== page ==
Amid skyrocketing interest rates and continued market volatility, it’s no big secret that investors’ risk appetite has sharply waned. The market is no longer willing to gobble up pie-in-the-sky growth stories and is particularly retreating on the social media stocks that were among the hottest trades of 2021.
Look no further than Pinterest (NYSE:PINS) to ascertain the damage. The stock is down by nearly three-quarters versus 2021 peaks above $80. And so far this year, all we’ve seen is a crumbling of user trends alongside a persistent rising of costs.
The question for investors now is: does Pinterest have what it takes to stage a rebound? In my view, the answer is no, and I remain ardently bearish on this name.
Here, in my view, are the biggest red flags to watch out for with Pinterest:
- Pinterest’s core user base is not seeing growth. Pinterest generates the majority of its revenue (just like any other social media company) in the U.S. Unfortunately, user growth domestically has been stagnant for several quarters, which is a reflection of Pinterest’s high penetration within its target audience plus the rampant competition among social media apps in the U.S.
- Competition is fierce. Needless to say, there are many social media applications competing for users’ time. And in particular, as Facebook/Instagram (META) hone in on their Marketplace functionalities, Pinterest’s niche as a shopping-oriented site may be threatened.
- ARPU is no longer a revenue tailwind. Social media companies that have run out of the user growth lever typically can lean on increased ad load to chase revenue growth. But in this climate, with advertisers pulling back, Pinterest’s chances of meaningfully resuscitating its ad revenue stream are also under fire.
- Stubbornly high cost structure. In spite of just single-digit revenue growth, Pinterest is still seeing costs grow at a double-digit pace, which is sinking its adjusted EBITDA.
It’s worth noting as well that expectations remain lofty for Pinterest. Wall Street consensus is calling for Pinterest to generate 7% y/y revenue growth in FY23 (data from Yahoo Finance), despite hitting only 5% y/y growth in Q1. Unless you’re banking on a meaningful advertising demand rebound in the back half of the year, or a sudden surge of new U.S. users to the Pinterest app (both of which I find very unlikely), I think Pinterest will have a tough time not disappointing investors throughout the balance of this year.
The social media landscape is a graveyard of applications that were once popular and have long passed their heyday. Pinterest, in my view, is very much at risk of heading in this direction, which I find to be clearly spelled out by its stagnant domestic user base.
The bottom line here: this is not a stock to bank on in 2023. Stay on the sidelines here and invest elsewhere.
Let’s now go through Pinterest’s latest Q1 results in greater detail, starting with the company’s latest user trends.
As shown in the chart below, global MAUs (monthly active users) grew 7% y/y. But in the U.S. and Canada, users stayed flat both sequentially and year over year at 95 million users.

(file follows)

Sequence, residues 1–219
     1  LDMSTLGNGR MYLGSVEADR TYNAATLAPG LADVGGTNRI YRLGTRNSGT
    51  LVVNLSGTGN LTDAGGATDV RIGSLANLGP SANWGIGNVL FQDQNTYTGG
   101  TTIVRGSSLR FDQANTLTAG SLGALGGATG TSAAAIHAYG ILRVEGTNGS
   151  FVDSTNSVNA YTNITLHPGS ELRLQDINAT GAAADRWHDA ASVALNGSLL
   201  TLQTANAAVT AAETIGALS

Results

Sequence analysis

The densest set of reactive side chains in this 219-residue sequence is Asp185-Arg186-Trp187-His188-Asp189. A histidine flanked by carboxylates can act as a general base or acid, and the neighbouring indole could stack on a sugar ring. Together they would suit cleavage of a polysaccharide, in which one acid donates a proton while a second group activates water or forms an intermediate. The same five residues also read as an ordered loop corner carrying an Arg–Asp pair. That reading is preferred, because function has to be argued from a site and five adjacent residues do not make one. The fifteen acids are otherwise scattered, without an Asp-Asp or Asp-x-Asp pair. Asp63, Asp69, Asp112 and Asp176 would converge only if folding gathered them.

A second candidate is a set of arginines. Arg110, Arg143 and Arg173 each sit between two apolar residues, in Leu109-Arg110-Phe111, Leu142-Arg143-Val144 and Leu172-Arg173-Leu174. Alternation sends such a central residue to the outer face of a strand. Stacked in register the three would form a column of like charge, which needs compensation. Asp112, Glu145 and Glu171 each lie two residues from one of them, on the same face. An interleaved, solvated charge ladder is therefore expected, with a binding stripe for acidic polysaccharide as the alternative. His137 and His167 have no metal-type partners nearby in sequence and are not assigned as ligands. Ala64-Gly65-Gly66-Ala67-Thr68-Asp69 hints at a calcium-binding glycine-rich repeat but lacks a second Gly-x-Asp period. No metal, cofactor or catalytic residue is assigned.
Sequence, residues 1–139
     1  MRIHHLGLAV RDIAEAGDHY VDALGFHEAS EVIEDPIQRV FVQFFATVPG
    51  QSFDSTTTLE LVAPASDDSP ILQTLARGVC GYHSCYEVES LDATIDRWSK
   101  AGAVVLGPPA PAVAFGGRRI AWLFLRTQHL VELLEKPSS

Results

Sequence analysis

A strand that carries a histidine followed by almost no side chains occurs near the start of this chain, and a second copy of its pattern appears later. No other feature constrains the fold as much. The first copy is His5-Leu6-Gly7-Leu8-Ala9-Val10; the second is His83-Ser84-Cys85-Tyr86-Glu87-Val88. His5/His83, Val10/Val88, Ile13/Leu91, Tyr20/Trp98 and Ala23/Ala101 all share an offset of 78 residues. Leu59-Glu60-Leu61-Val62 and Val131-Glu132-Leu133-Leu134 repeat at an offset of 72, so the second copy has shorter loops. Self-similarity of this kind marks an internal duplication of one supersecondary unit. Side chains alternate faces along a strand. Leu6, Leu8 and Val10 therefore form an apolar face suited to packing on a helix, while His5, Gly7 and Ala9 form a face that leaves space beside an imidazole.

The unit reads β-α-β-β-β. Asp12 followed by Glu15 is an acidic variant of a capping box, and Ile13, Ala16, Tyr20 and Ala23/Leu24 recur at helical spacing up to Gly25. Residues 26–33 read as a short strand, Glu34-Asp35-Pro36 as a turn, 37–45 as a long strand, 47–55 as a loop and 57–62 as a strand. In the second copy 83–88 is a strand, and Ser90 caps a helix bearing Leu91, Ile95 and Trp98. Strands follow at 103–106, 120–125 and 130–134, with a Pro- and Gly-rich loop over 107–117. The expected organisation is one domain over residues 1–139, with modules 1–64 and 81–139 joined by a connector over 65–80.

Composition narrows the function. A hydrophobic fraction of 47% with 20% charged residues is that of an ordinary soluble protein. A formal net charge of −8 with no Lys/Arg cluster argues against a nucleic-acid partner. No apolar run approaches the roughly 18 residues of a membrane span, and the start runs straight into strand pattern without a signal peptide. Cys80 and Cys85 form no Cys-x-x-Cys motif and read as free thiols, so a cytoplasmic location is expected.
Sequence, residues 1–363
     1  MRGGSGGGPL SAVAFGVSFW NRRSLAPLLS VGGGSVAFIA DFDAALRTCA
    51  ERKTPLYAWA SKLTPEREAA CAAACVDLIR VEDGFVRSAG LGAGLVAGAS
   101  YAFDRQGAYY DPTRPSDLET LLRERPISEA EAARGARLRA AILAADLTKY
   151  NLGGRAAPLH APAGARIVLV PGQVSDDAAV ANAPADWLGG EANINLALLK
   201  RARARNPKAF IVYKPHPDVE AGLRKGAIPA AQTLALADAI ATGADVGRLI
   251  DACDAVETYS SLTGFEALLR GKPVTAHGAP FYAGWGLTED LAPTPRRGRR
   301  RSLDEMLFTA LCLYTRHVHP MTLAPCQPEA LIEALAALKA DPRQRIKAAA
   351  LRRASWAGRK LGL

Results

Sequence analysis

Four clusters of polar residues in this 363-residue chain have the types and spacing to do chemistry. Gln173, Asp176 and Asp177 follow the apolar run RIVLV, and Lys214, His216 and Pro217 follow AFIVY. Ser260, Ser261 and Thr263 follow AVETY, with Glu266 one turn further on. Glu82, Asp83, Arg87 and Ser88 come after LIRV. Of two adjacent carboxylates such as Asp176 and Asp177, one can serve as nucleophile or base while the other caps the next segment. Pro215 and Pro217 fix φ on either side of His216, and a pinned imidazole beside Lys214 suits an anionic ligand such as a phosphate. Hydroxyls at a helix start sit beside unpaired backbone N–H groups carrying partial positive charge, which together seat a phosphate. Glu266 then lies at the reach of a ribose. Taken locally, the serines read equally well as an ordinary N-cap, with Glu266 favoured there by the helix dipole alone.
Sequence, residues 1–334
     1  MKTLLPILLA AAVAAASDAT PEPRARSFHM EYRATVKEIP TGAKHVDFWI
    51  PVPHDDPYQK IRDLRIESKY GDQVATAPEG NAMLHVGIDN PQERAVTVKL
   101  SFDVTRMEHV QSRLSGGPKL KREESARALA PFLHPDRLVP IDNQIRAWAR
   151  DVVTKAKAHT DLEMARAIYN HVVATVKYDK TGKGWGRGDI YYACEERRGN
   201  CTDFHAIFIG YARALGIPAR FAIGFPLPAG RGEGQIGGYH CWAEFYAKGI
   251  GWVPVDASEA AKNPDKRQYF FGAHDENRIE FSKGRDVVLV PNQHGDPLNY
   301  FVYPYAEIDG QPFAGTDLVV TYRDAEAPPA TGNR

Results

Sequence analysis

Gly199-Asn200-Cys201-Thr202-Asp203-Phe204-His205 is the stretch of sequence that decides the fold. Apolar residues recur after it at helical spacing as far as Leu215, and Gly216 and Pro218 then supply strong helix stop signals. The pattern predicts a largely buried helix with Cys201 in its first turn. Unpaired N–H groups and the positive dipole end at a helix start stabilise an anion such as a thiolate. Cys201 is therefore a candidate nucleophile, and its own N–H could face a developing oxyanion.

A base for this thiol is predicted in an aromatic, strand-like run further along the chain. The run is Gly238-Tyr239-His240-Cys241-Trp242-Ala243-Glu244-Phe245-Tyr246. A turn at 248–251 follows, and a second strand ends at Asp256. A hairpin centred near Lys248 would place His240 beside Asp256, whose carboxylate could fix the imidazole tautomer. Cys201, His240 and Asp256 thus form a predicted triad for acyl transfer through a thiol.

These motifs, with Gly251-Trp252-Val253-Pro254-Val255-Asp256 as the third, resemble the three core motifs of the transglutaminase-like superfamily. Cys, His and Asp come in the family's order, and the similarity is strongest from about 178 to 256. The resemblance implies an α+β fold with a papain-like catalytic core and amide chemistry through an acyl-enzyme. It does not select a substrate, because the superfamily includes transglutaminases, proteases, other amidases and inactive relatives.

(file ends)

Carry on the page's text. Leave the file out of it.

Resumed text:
Due to this mix change in users, Pinterest’s overall ARPU (average revenue per user) declined -1% y/y to $1.32. You can see in the chart below that users in the “Rest of World” (which contributed to 11 million of the company’s net 13 billion MAU adds in the quarter) generate substantially lower ARPU at $0.10 per user versus a U.S./Canada user at $5.11.
This is the very core of Pinterest’s problem: in the U.S., where Pinterest generates substantially all of its revenue, it has no more user growth levers to pull, while ad ARPU is under pressure due to the current macro climate. It’s good that Pinterest is adding users in the rest of the world, but monetization here is so low that even the slightest stumble in U.S. users would be enough to topple it.
Here’s some anecdotal commentary on user trends from CEO Bill Ready’s remarks on the Q1 earnings call:
We continue to make good headway in adding new users, especially Gen Z users who grew double digits and continue to be our fastest growing demographic on the platform. Gen Z users are finding value in our positive and inspirational platform and are engaging with the full breadth of content including video.
During the quarter, our video content on the platform grew nearly 40% quarter-over-quarter on top of the 30% sequential growth we drove in Q4. Furthermore, in March, we announced a new publisher deal with Dotdash Meredith, one of the largest publishers in America to bring video content to the platform across lifestyle, fashion, and food categories with brands including better homes and gardens, brides, food and wine, and all recipes.“
In spite of these top-line challenges that produced only 5% y/y revenue growth, Pinterest still grew each category of its expenses by double digits – particularly 19% y/y growth in G&A spend, which I consider to be the “least productive” category of corporate opex and something that most other companies are trying to slim down at the moment.
Earlier this year, Pinterest did announce 150 layoffs, representing 4% of its workforce. It’s unclear, however, if the magnitude of this action will be enough to offset the company’s natural cost growth.
As a result of cost growth far outstripping revenue growth, note that Pinterest’s adjusted EBITDA declined -65% y/y to $27 million, representing just a 4% margin less than a third of the year-ago Q4’s margin of 13%.
To me, Pinterest remains a land mine of potential risks: slowdown in user growth, ARPU contraction driven by both macro headwinds as well as a more unfavorable user mix, and EBITDA contraction driven by an explosion of cost. Stay on the sidelines here; this is not a rebound play worth banking on.
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